OT Role with PMD Supported in CMS Final Rule
The Centers for Medicare & Medicaid Services (CMS) agreed with AOTA's comments on the Power Mobility Devices interim final rule that occupational therapists (OTs) can play an integral role in the patient evaluation. CMS published a final rule governing power wheelchairs and power-operated vehicles (collectively called Power Mobility Devices [PMD]) in the April 5, 2006 Federal Register.
The final rule implements statutory provisions that require physicians or treating practitioners (defined as physician assistants, nurse practitioners, or clinical nurse specialists) to conduct a face-to-face examination of the patient for a Power Mobility Device (PMD) before the device can be prescribed. The rule also eliminates the need for a certificate of medical necessity (CMN) because the CMN was viewed as providing insufficient documentation to determine medical necessity. The rule requires that the physician or treating practitioner send to the DMEPOS supplier pertinent portions of the medical record within 45 days after the face-to-face examination to support the prescription. The 45-day requirement represents a lengthening of the 30-day requirement proposed by CMS in the interim final rule.
By specifically acknowledging that OT and PT expertise can be an important contribution in certain PMD contexts, CMS validated the role of OTs in patient PMD evaluations. In fact, CMS points out that the Durable Medical Equipment Regional Contractors (DMERCs) have published an article detailing the way to integrate OT and PT services into the evaluation process, stating that "[a] PT/OT can file a claim for payment for their evaluation services, provided that all other applicable payment conditions are met." In addition, the rule states that an OT or PT consultation report can be submitted by the physician or treating practitioner as part of the medical necessity documentation to support the decision to prescribe a PMD.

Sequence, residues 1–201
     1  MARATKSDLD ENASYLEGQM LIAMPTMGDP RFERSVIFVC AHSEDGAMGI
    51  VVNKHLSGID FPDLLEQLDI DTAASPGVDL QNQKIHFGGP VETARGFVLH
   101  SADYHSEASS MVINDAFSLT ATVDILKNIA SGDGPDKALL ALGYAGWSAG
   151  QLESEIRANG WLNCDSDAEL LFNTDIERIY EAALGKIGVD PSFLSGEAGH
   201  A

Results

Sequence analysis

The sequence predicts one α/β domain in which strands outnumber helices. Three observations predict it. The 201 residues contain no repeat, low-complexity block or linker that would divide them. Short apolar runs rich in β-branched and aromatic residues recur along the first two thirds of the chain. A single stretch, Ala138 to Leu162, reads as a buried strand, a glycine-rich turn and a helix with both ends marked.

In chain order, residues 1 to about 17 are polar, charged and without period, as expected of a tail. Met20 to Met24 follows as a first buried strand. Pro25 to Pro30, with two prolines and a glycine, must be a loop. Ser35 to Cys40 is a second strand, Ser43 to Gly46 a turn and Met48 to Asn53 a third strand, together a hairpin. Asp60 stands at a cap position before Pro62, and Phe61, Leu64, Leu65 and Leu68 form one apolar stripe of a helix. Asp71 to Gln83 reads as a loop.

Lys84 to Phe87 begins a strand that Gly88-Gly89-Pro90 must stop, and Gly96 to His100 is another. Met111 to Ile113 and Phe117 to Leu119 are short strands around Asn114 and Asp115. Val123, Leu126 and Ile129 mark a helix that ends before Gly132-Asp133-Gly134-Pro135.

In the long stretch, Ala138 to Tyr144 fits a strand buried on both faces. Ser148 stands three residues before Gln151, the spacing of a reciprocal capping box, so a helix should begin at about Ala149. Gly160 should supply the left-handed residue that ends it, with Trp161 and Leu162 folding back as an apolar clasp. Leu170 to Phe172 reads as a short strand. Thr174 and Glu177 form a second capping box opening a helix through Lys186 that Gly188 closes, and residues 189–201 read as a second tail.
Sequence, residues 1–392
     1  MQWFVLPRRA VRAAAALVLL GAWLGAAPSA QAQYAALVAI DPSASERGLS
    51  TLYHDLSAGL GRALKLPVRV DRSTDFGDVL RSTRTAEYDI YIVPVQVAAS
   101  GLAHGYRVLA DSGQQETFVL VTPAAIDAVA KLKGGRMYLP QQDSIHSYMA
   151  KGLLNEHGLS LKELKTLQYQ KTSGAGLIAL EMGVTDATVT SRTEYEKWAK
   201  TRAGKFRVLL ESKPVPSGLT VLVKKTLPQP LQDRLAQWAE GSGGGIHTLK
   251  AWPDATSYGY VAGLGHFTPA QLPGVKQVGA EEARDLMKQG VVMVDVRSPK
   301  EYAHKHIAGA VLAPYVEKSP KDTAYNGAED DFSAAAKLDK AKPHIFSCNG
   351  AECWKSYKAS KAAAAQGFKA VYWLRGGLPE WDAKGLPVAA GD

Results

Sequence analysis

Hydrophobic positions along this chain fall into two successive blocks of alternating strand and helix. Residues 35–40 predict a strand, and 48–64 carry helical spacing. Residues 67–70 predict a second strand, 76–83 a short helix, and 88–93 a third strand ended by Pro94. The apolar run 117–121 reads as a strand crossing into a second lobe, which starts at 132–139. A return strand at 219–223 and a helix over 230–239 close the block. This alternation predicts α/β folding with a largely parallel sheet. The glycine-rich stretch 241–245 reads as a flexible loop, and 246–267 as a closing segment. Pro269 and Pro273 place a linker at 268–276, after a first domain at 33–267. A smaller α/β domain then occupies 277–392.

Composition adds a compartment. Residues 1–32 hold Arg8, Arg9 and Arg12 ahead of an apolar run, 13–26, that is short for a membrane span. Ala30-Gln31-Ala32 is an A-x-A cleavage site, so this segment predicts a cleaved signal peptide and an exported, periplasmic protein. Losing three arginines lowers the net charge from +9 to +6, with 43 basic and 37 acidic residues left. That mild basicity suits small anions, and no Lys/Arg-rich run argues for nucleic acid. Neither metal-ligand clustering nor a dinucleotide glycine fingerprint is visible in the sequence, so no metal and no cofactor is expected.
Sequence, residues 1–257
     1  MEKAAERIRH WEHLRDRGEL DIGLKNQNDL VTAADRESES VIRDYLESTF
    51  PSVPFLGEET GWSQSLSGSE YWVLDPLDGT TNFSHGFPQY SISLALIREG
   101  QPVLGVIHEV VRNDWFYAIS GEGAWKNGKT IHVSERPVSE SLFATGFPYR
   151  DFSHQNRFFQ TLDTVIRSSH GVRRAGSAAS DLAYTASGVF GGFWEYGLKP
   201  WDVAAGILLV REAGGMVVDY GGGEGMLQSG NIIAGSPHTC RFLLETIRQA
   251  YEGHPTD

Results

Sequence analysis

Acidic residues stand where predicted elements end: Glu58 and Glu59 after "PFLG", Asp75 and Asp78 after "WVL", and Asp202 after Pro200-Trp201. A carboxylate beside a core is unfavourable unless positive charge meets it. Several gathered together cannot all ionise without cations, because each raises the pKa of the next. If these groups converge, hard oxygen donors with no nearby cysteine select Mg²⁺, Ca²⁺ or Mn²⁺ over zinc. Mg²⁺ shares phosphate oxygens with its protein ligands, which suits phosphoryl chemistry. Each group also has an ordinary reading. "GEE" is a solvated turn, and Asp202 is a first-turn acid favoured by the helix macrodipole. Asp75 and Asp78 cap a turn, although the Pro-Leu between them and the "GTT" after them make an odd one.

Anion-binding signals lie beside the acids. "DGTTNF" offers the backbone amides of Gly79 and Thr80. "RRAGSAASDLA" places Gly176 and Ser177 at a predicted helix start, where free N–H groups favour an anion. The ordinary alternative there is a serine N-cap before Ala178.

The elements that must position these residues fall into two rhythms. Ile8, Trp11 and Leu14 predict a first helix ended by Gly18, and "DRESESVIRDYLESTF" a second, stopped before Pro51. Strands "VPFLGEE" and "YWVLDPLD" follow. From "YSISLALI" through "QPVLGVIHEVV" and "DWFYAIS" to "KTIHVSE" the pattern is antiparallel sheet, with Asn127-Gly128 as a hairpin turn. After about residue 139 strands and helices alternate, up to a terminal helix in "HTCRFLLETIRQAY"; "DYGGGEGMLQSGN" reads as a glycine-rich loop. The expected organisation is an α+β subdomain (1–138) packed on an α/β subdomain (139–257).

CMS does not address in this rule the Assistive Technology Practitioner (ATP) certification requirement under the draft local coverage determination (LCD) on Power Mobility Devices published by the DMERCs. CMS states it is outside the scope of this regulation. The draft LCD proposed to permit only RESNA-certified ATPs to conduct comprehensive evaluations of Medicare beneficiaries needing tilt and other high end power chairs. Consequently, CMS leaves the ATP certification requirement issue in the hands of the local DMERCs to address in the final LCD. AOTA submitted comments to both CMS and the DMERCs in opposition to the ATP certification requirement in October and November 2005, respectively. A final LCD is expected to be published in the near future.
The final rule governing PMDs goes into effect on June 5, 2006.